The plaintiffs burst a few more blood vessels at this outrageous lowball offer, utter oaths with the vehemence of a man who was just told that the only woman in world uglier than his mother was his wife, and heart rates surge to infinity … and beyond. These ups and downs in blood pressure can’t be good for you, especially when combined with the sitting and the grease infusions and the constipation.

After eight or nine hours of this play-acting-in-earnest, where in fact real money is on the table and there are real consequences to either succeeding or failing at the mediation, everyone throws their shit into huge file cases filled with paperwork that no one bothered to read, and they are either elated at having gotten a deal or are grimly ready to go home and put on the face harness to hopefully prevent grinding down whatever’s left of molars 1-12.

Then they sit on the freeway for two more fun hours, and wrap up the day seated at home in front of a bottle, watch whatever ball-stick-foot game they recorded on the tee-vee, eat the frozen food from TJ’s, and stagger off to bed.

Makes the cycling life look pretty danged sweet.

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What in the hell is right with you?

January 10, 2019 § 14 Comments

My life insurance ran out the other day. I did my best to get killed accidentally before I turned 55 but it just didn’t work. It was a sweet policy, too. I paid $132 a month and if I had died then my wife would have gotten $2M.

You can bet I never told her that.

So I went online and started searching for some new life insurance. I found a somewhat deal, which is what you’d expect hunting for life insurance at 55 instead of at 38, $250 a month for the same benefit, $2M. So I applied for it.

Turns out I had to get a physical exam. They sent a lady out with a bag full of equipment and a bunch of forms. She ran through the diseases but I didn’t have any of them. “Ever commit suicide?” she asked me with a straight face.

“Not lately,” I answered.

It is amazing how many things can go wrong, the slings and arrows of outrageous fortune, as it were, and she asked me about all of them. Then she came to the medical treatment part. “This is gonna take a while,” she said.

“How come?”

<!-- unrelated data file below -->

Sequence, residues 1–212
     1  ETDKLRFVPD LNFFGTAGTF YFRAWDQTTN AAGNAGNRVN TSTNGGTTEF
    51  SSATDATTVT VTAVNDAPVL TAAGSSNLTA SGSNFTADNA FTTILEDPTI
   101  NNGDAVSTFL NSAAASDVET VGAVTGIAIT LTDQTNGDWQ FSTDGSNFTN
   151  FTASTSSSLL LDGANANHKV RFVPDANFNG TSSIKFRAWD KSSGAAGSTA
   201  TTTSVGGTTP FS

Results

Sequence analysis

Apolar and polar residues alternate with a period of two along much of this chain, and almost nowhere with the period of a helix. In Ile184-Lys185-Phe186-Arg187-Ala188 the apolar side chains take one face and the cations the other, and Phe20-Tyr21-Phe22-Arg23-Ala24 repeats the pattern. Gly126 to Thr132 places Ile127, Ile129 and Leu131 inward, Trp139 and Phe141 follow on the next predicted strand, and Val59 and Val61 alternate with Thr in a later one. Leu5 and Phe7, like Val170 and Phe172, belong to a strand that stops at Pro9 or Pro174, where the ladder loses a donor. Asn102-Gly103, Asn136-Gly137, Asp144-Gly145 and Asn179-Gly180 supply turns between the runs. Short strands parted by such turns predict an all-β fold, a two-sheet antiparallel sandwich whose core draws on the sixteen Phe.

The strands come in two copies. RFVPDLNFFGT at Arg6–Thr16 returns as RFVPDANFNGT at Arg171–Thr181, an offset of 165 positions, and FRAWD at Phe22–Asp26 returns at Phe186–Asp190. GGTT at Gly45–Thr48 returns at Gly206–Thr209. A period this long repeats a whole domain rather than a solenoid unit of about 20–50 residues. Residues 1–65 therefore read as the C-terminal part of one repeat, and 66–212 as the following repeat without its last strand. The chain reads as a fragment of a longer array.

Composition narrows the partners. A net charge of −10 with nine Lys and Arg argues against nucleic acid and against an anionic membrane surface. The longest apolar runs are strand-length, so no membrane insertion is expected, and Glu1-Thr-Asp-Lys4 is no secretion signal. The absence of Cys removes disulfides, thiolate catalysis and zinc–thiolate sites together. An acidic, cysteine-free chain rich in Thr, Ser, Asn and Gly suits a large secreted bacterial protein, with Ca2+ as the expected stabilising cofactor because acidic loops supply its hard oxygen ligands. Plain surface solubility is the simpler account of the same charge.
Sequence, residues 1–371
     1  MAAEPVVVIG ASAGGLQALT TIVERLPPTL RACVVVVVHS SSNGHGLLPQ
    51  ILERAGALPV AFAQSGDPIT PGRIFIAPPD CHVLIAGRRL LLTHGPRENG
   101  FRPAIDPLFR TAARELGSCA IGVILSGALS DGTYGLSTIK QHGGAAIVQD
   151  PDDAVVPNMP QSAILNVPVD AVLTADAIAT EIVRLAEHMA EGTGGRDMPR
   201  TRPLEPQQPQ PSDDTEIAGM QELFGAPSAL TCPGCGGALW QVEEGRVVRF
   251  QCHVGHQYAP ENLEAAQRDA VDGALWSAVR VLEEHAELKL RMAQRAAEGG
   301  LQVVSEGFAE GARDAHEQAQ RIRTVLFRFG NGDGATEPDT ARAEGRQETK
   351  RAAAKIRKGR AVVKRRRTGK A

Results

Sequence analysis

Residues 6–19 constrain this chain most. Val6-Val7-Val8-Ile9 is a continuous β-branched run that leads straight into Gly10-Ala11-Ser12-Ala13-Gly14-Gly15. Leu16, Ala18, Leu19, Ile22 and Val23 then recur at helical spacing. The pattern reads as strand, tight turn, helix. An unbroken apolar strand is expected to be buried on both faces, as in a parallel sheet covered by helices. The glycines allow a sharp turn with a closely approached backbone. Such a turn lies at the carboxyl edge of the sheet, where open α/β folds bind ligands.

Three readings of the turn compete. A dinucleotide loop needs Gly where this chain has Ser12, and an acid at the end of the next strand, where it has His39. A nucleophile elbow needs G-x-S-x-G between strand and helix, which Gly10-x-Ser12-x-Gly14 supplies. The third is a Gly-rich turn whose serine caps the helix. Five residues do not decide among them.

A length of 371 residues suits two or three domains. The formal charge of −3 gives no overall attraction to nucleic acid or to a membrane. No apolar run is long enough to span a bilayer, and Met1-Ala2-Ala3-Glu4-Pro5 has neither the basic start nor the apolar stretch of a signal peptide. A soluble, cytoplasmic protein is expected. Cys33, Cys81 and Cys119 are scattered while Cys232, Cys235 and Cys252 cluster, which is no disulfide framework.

“We have to go through every doctor or healthcare provider you’ve seen in the last five years.”

“All of them?”

“All of them,” she said with finality.

Yasuko popped her head in. “You aren’t going to find anything. He is very healthy. Healthy like a dog. He is the healthiest person I have ever seen.”

The lady was skeptical. “Really?”

“Oh,yes. We have a saying in Japanese, ‘Dummies never catch cold.'”

I told the lady about my three medical visits. The ER and ortho when I had my bicycle-falling-off-incident and broke my nutsack, and a trip to the skin doc to have a lesion looked at. She wrote it all down. “What else?”

“That’s it,” I said.

“That’s it? For the last five years?”

“No,” I said. “That’s it for the last 30.”

But I had been wondering, as she asked me about cancer and strokes and high blood pressure and suicide and alcohol and drugs and tobacco and all that etcetera, wondering why she never asked about anything good? You know like, “Do you exercise? Do you eat whole grains? How often do you floss? Do you go to church? Do you have a pet? Do you sleep seven hours? Do you nap? Do you have sex often? Do you drink moderate amounts of alcohol and coffee? Do you hang out with your grandkids?”

All of these things correlate with longevity, and you’d think that someone about to write a life insurance policy would want to know about factors that might affect how long you live … or maybe they wouldn’t, when it comes to factors that extend life, because the life insurer is only betting that you won’t die before the average life expectancy. They don’t care if you live beyond it, they only care if you don’t live long enough and they have to pay the death benefit.

Still, the whole thing reflects a health “care” system that focuses on what’s broken and wrong rather than what is healthy and right. Kind of puts the emphasis on the wrong thing, if you ask me.